I’ve heard you say that, as opposed to Caitriona with her elaborate costumes, it only takes you five minutes to get into wardrobe when Jamie is wearing the kilt. But I was curious, since we’re going to jump forward several years in Season 3, if you have some extra time in makeup chair this year and if you can tell us anything about what older Jaime looks like?

I mean, I’m probably not allowed to say much, but I think we all know that the books do span a great amount of time. Season 3, in particular, yeah, I mean, there was an aging process. There was definitely a different look to the characters, but you’ll have to tune in to find out, I guess. But even in Season 1, I had hours and hours of prosthetic makeup whenever the back scarring was on or Jamie got shot or injured. By no means does that stop in Season 3 so, yes, there’s been a lot of very long days where I’ve been in makeup.

The end of Season 2 saw Claire back in her own timeline so I really don’t think it’s a spoiler to say that you filmed a good part of Season 3 without Caitriona. Since you two have been such close partners on this whole experience, what was it like to go on without her?

Yeah. Honestly, it’s like having a death in the family. Well, I don’t know, I mean, it’s just like a different show. It’s hard to separate yourself from the character. Jamie’s present, living in his world, and Claire’s present and living in her world, and they both believe the other is dead. It’s always hard when we’re apart, actually, because she’s a great person, great to come to work with, and a very good actress. But I think it all adds to the reunion—if there’s a reunion, or when there’s a reunion—well you know there’s one in the books. It should be very special.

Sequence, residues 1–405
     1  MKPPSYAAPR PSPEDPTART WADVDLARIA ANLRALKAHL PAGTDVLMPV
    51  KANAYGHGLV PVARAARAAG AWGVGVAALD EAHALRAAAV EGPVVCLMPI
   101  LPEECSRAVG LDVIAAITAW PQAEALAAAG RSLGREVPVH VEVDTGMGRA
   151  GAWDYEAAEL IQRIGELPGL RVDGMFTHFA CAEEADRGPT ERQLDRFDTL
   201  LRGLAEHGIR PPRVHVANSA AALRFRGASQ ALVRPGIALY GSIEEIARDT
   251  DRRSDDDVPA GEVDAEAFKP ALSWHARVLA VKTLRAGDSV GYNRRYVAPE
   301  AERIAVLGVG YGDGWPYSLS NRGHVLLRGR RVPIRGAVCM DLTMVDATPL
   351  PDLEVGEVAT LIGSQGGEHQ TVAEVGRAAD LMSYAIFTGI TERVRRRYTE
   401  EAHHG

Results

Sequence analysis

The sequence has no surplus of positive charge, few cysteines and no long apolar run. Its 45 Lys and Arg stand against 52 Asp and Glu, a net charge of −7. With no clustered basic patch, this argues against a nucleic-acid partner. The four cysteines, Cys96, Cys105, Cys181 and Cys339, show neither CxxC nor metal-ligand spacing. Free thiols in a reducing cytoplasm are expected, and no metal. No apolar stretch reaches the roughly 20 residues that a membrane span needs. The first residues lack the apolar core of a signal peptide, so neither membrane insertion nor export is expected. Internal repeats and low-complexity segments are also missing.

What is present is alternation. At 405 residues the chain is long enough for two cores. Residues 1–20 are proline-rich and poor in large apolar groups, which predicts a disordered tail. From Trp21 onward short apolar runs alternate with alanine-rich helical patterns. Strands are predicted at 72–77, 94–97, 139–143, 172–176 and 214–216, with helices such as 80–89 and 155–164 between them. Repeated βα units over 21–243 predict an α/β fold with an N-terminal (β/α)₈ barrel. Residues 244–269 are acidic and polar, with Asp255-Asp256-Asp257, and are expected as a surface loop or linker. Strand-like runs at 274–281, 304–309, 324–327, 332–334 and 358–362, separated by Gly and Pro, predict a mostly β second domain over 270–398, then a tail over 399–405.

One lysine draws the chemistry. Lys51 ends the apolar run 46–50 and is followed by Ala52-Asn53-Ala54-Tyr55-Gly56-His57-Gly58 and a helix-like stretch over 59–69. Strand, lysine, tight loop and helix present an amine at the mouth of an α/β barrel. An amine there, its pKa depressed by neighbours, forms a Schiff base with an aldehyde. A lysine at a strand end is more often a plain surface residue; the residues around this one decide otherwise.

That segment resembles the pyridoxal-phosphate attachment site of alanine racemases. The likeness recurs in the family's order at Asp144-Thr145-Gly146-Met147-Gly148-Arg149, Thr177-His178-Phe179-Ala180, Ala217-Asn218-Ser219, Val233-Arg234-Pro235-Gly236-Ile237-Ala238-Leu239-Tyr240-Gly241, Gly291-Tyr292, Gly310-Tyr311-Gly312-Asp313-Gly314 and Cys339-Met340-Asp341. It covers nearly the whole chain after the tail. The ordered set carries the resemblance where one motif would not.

Do you have a fondest memory from Season 2 that you’re excited for the fans to re-live via the Blu-ray?

Wow. Whoa, that’s tough, I think—Paris was almost like another world and it was great fun—but for us getting back to Scotland, to Lallybroch, and then to having all the MacKenzies turn up, Graham McTavish as Dougal and Stephen Walters as Angus and all the others. It was so rewarding to be in Scotland with the wind and the rain and the cold and everyone was miserable but kind of happy because we were back and it felt like coming home. I think it’s a very sad ending because we all knew that people were going to die— that’s what history tells us—that’s what Jamie and Claire are fighting to stop is the end of these people. So it’s a bittersweet return home to Scotland. In the back of your mind, you’re aware that it’s sort of coming to a close.

Exclusive: Why Sam Heughan Was the Perfect Jamie For Outlander

From pop sugar: Though you’ll have to wait until April 4 to get the second half of Outlander season one, you can get a little fix when Starz releases the season one volume one DVD and Blu-ray on March 3. We have an exclusive look at one of the extras, which is a special treat if you love Sam Heughan, aka Jamie. Heughan talks about the casting process, while producers and writer Diana Gabaldon explain why exactly he was perfect for the role. Until the show comes back, enjoy all the sexiest pictures of Jamie, the preview pictures from the April return, and the four things to expect from the new episodes.